Society for Social Work and Research

Sixteenth Annual Conference Research That Makes A Difference: Advancing Practice and Shaping Public Policy
11-15 January 2012 I Grand Hyatt Washington I Washington, DC

124P Differences and Trends In Income and Means-Tested Transfer for Individuals with Mental and Physical Disabilities In the United States From 1992 to 2007

Saturday, January 14, 2012
Independence F - I (Grand Hyatt Washington)
* noted as presenting author
Jessica K. Camp, LMSW, PhD Student, Wayne State University, Detroit, MI
Eileen Trzcinski, PhD, Professor, Wayne State University, Detroit, MI
Purpose: This research study examines differences in income, poverty levels and means-tested transfer income for individuals with mental and physical disabilities compared to individuals who have no disabilities. Previous research has tended not to differentiate between those with mental versus those with physical disabilities when examining income disparity. In the United States the ongoing financial crisis has contributed to growing public criticism of social welfare programs. Cuts to social welfare have led to growing disparities among those who are disabled versus those who are not. How economic outcomes differ for those with mental disabilities versus physical disabilities is largely unknown. Hence this research seeks to examine the pattern of economic outcomes across four different groups and across a time span from 1992 to 2007.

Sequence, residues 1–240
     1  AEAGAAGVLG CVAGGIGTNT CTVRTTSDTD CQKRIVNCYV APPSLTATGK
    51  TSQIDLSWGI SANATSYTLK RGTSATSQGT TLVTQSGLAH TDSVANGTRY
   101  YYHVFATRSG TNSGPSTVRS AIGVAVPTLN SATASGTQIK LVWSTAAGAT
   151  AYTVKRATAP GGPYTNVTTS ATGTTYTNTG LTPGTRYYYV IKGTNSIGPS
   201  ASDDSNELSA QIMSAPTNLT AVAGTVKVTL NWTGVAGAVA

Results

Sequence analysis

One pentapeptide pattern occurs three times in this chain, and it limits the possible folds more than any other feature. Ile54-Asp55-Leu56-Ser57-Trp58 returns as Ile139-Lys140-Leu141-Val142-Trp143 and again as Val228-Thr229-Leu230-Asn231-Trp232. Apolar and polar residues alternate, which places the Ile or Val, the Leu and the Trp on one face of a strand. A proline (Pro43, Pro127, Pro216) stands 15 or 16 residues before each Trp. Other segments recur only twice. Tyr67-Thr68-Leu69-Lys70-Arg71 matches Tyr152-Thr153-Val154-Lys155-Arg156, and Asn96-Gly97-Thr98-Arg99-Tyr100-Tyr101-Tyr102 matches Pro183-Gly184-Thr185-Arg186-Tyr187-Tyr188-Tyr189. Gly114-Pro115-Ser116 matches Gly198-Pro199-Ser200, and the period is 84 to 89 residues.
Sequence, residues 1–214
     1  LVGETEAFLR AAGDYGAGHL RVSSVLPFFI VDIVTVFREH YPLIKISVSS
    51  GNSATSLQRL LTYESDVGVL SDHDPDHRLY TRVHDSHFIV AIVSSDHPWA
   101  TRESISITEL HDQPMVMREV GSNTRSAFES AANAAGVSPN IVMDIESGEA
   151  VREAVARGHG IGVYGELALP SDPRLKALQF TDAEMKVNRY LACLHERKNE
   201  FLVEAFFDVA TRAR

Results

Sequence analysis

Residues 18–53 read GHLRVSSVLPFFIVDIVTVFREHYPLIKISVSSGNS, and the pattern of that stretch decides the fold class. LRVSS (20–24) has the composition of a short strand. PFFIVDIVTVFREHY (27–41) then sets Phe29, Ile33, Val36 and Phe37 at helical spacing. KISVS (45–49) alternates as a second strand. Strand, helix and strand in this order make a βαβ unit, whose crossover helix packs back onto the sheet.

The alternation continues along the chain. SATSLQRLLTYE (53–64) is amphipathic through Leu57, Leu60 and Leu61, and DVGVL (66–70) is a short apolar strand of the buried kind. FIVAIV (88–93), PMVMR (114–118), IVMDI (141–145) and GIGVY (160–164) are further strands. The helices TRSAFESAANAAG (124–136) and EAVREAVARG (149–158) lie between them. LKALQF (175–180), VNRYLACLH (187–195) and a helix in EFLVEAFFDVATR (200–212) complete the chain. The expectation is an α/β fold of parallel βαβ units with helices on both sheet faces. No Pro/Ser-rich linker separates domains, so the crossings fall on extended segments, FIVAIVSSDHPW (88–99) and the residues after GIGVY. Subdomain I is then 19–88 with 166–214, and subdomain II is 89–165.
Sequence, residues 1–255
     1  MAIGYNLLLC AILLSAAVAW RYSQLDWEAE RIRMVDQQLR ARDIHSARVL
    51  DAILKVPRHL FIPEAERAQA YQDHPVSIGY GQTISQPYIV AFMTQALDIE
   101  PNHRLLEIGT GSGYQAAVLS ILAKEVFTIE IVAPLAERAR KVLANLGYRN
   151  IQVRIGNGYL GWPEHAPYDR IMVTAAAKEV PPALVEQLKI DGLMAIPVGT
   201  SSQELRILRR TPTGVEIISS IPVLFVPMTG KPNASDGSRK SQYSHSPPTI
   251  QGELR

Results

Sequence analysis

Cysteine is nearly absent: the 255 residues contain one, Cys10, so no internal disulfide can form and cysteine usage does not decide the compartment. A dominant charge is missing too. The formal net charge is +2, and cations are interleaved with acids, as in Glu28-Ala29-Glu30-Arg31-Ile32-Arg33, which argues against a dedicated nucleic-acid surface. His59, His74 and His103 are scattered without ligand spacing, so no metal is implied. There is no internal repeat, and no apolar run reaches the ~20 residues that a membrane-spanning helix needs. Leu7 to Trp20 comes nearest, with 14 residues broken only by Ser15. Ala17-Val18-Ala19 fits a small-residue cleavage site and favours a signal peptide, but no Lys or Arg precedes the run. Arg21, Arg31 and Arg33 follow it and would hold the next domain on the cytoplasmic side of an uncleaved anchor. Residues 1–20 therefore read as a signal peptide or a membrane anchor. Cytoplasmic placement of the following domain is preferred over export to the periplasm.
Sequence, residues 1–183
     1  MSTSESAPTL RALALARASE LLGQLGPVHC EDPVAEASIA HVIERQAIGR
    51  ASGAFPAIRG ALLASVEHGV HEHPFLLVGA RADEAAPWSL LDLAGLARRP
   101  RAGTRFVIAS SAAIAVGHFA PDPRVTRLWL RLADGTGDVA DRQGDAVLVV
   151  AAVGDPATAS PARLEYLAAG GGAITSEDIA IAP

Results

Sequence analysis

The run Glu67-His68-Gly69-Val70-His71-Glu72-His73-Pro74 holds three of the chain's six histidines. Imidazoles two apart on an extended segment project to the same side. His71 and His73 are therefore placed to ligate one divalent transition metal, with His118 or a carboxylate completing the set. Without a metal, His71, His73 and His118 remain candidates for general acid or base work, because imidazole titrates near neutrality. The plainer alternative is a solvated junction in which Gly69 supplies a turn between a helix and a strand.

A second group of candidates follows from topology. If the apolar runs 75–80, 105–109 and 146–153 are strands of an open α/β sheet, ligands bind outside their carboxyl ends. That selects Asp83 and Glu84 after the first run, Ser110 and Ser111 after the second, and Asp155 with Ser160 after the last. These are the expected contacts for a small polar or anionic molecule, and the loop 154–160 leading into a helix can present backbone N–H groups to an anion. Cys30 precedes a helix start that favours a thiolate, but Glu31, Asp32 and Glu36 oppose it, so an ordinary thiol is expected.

Methods: Data were obtained from the Survey of Income and Program Participation (SIPP) public use Core files and Topical Modules for Functional Limitations and Disability from 1992 to 2007. The SIPP is a longitudinal dataset administered by the U.S. Census Bureau that collects monthly information on employment, income, and welfare. Generalized Linear Models within a complex samples framework were used to examine differences in economic outcomes for four groups of individuals: those with (1) mental disabilities, (2) physical disabilities, (3) mental and physical disabilities, and (4) no disability. Time was interacted with disability status in order to examine trends in outcomes over the period under study. The model also included controls for race, gender, education, and age.

Results: In all years, major differences existed across the four groups and across race, gender, and educational level. Not surprisingly those without disabilities had substantially higher incomes and lower rates of poverty than those with disabilities. The most disadvantaged where those with mental as well as physical disabilities. Prior to 2000, white men and women with mental disabilities had similar levels of income and poverty to those with physical disabilities. Differences between the two groups, however, emerged after 2000. For African Americans, differences in outcomes between the two groups of disabled persons occurred at an earlier year, 1995. Across each of the three groups of disabled persons, sharp drops were also observed in the percentage of persons who received transfer income from 2001 to 2007. Based on the estimated model, in the period post 2000, individuals with mental disabilities had an average CPI-adjusted monthly income of $1060.68, individuals with physical disabilities had an income of $1,346.42, individuals with mental and physical disabilities had an income of $999.00, and those with no disabilities had an income of $2,028.60.

Implications: Despite lack of current research that has examined the differences in income experienced by individuals with disabilities, welfare reform has been focused on the limitation and reduction of public assistance. This study illuminates disparities experienced by individuals with disabilities and calls for an examination of policy for this group of Americans.